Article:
In embodiments where cutting members 330 are SMA cutting members, cutting members 330 begin to reshape, or extend from the retracted state once cutting members 330 are heated above the at-rest temperature As. Similarly, in embodiments where cutting members 330 are bimetallic cutting members, cutting members 330 are reshaped, or extended from the retracted state once cutting members 330 are heated above the first threshold temperature T1.
  • [0064]
    As cutting members 330 are further heated toward the extended state, free ends 334 of cutting members 330 are extended from respective recesses 318 of jaw member 310. More specifically, cutting members 330 are extended between jaw members 310, 320, and eventually into channel(s) 328 defined within jaw member 320, as shown in FIGS. 7A-7B. Thus, as free ends 334 of cutting members 330 are extended at least partially into jaw member 320, cutting members 330 are advanced through tissue, e.g., vessel “V,” thereby perforating, or cutting vessel “V” along the previously formed tissue seal. As mentioned above, the configuration of cutting members 330 and/or the heating of cutting members 330 may facilitate translation through and cutting of tissue by each of cutting members 330.
  • [0065]
    FIGS. 7A-7B show end effector assembly 300 once cutting members 330 have been heated to the extended state, i.e., once cutting members 330 have been heated to or above the “hot” temperature: Af (for SMA) or T2 (for bimetallic). In this position, cutting members 330 have fully transitioned from the retracted state to the extended state and, thus, cutting members 330 have extended through and cut tissue disposed between jaw members 310, 320.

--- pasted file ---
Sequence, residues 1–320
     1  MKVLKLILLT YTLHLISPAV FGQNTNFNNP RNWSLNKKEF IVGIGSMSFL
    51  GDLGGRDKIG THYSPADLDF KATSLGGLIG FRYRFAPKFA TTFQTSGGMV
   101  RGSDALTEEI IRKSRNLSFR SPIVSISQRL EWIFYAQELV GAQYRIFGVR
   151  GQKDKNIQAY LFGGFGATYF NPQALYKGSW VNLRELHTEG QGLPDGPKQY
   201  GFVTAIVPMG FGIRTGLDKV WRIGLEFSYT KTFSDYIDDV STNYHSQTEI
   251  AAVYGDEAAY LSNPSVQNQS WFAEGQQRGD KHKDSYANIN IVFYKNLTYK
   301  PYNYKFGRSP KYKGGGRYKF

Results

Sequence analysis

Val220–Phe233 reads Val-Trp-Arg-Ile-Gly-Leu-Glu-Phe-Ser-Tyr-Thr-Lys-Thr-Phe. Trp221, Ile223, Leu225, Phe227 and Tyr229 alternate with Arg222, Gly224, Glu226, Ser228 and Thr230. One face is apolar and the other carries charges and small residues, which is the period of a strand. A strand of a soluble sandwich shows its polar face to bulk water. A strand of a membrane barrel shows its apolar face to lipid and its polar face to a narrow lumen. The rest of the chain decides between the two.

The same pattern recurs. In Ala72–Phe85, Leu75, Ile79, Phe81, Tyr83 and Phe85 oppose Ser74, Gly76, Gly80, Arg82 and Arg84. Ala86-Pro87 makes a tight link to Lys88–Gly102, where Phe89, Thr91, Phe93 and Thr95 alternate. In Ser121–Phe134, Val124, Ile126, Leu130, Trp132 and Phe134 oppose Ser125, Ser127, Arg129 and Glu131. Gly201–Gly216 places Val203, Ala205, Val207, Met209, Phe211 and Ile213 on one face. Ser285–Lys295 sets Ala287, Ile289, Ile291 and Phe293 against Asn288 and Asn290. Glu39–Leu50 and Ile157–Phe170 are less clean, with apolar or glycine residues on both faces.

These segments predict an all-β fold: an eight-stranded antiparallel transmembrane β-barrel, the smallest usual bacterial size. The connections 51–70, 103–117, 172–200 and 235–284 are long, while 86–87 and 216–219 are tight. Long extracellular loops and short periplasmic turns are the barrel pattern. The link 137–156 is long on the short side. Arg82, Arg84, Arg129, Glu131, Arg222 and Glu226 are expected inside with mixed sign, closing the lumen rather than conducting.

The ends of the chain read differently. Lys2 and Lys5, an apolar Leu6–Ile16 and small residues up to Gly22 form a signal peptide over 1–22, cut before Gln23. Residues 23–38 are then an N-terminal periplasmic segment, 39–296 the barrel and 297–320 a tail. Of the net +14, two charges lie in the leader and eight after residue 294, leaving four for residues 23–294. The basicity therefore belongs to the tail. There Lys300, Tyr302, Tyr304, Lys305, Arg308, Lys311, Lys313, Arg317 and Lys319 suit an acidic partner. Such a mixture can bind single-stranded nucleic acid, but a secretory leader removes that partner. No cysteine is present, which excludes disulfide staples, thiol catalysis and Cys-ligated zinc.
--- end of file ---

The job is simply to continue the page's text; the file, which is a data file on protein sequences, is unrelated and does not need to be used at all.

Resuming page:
• [0066]
    Cutting members 330 may be positioned along jaw member 310 such that tissue is perforated when cutting members 330 are transitioned to the extended state, thereby allowing for relatively easy tissue division along the perforations. Alternatively, cutting members 330 may be positioned along jaw member 310 such that the plurality of cutting members 330 divide tissue disposed between jaw members 310, 320 when transitioned to the extended state. For example, if perforating tissue is desired, end effector assembly 300 may be provided with fewer cutting members 330 and/or cutting members 330 may be spaced further apart from one another. On the other hand, if dividing tissue is desired, end effector assembly 300 may be configured with more cutting members 330 and/or cutting members 330 may be more concentrated within a given area.
  • [0067]
    Once tissue has been cut or preforated, shape memory cutting members 330 may be allowed to return, i.e., cool, from the extended state shown in FIG. 7A to the retracted state shown in FIG. 6A.
  • [0068]
    Yet another end effector assembly configured for use with forceps 10 is shown in FIGS. 8A-10B, generally indicated by reference numeral 400. Similar to end effector assemblies 200, 300 discussed above, end effector assembly 400 includes a pair of jaw members 410, 420 disposed in opposing relation relative to one another. Jaw member 420 is fixed relative to shaft 12, while jaw member 410 is moveable with respect to jaw member 420 between a spaced-apart position and an approximated position for grasping tissue therebetween. Each jaw member 410, 420 includes an electrically conductive sealing surface 412, 422, respectively, that may be adapted to connect to a source of electrosurgical energy for conducting energy through tissue to effect a tissue seal.
  • [0069]